Wooden Spear with Snakeskin
Nairn Museum

This Arab spear is known to have belonged to the Baggara or Chadian Arabs. It has a pointed leaf-shaped metal blade and a wooden shaft.  Snakeskin is wrapped around it at both ends of the shaft.   

It is one of several unusual objects in Nairn Museum’s ethnographic collection. Museums often talk about the ‘provenance’ of objects. This means the story of their owners and their history up until they came to be in the collection. The lack of this history or provenance for this object is quite revealing.  

During the height of the British empire, some wealthy Victorian gentlemen collectors travelled to colonies, often returning with weapons like this as well as other artworks and cultural artefacts.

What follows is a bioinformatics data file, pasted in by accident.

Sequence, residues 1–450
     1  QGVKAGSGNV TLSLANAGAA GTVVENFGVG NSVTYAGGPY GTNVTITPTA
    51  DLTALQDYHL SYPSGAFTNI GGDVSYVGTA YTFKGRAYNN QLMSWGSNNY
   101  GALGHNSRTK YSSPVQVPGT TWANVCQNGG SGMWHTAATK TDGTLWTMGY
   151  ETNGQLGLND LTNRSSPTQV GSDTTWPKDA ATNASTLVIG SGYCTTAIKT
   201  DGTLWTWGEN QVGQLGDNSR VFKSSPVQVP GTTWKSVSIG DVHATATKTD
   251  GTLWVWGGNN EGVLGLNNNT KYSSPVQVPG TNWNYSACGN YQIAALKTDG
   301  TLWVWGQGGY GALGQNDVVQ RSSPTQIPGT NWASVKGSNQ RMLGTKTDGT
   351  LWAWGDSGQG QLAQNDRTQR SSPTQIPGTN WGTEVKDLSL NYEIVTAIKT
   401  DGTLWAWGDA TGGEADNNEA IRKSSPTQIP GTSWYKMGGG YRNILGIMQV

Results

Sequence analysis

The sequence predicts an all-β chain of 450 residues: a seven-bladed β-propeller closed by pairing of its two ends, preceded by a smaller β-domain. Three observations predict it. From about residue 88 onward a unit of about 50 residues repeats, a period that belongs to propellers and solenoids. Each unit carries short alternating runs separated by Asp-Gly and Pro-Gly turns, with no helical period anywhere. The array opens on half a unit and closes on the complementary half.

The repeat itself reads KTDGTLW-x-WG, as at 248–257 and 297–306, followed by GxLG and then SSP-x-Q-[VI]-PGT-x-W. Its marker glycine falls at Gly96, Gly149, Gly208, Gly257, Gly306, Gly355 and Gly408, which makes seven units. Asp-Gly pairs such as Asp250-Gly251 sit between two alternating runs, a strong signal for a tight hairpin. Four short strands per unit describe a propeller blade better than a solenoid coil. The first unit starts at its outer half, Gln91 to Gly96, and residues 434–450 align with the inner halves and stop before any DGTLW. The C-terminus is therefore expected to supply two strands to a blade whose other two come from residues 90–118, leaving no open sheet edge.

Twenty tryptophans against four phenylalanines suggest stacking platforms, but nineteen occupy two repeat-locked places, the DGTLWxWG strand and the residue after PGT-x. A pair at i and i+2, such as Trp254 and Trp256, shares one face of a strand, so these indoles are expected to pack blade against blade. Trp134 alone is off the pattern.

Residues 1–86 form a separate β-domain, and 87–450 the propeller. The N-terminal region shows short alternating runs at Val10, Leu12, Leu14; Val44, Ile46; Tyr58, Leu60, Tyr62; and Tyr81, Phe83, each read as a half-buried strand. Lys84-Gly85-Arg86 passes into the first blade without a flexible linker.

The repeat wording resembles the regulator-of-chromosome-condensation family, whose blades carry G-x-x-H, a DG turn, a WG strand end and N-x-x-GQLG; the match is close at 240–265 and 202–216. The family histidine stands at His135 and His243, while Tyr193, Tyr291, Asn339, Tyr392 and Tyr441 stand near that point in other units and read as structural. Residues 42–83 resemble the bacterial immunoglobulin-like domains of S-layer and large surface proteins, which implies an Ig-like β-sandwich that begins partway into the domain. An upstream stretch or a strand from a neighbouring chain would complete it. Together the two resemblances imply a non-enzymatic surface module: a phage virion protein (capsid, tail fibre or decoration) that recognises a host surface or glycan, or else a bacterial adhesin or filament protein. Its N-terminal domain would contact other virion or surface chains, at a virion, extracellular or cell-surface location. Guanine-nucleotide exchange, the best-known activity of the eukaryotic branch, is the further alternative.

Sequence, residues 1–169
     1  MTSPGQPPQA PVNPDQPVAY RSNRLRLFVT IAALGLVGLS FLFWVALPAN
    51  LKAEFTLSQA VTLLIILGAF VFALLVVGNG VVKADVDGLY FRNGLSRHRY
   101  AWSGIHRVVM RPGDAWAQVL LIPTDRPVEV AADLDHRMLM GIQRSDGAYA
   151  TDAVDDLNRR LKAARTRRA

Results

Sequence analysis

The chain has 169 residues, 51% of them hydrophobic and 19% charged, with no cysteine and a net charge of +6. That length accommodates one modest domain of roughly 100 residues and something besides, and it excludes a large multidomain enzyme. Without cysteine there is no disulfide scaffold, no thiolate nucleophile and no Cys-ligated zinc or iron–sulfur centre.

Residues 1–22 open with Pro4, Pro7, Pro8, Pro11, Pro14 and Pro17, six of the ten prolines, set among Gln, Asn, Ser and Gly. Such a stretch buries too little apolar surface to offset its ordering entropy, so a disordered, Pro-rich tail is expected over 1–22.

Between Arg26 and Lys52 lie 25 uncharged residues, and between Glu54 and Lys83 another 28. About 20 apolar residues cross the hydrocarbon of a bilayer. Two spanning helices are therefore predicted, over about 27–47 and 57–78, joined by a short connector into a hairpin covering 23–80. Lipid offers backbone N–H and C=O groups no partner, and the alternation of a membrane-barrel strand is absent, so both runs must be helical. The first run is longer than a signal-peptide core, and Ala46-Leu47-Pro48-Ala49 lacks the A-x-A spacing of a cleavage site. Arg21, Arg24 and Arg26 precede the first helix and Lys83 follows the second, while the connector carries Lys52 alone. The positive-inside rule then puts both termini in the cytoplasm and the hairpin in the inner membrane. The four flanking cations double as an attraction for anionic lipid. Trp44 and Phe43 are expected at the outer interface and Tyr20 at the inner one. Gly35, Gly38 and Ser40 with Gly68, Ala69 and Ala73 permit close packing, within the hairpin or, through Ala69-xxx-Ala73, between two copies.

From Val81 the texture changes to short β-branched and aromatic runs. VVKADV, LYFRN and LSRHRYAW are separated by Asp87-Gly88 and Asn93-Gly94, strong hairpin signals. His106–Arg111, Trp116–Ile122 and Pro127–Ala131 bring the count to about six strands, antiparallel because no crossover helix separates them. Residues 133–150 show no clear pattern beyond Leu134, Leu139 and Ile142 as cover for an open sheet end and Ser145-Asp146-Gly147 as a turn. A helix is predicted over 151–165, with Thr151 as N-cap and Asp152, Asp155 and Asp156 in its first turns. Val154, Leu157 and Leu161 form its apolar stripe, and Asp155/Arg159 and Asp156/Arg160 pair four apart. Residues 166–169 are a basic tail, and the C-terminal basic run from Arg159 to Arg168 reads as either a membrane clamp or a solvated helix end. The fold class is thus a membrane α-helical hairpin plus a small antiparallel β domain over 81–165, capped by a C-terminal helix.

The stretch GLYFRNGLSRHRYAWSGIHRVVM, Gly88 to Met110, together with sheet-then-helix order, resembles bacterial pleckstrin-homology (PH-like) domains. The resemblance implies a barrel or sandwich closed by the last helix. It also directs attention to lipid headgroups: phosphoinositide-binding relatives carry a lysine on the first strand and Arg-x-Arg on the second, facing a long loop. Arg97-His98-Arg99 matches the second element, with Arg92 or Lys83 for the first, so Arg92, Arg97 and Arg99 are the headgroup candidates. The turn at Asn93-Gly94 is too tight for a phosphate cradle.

This spear is believed to have been collected by a resident of Nairn, most likely for his own private collection. The snakeskin featured on this spear would have particularly appealed to those seeking a sense of “exoticism”.   

More recent reinterpretation of this history now calls into question the lack of cultural sensitivity, especially since many important cultural artefacts were taken without regard for their original context or purpose. 

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Date: 1800s
Materials : Metal, Wood, Snakeskin
Size : 170cm x 11.5cm

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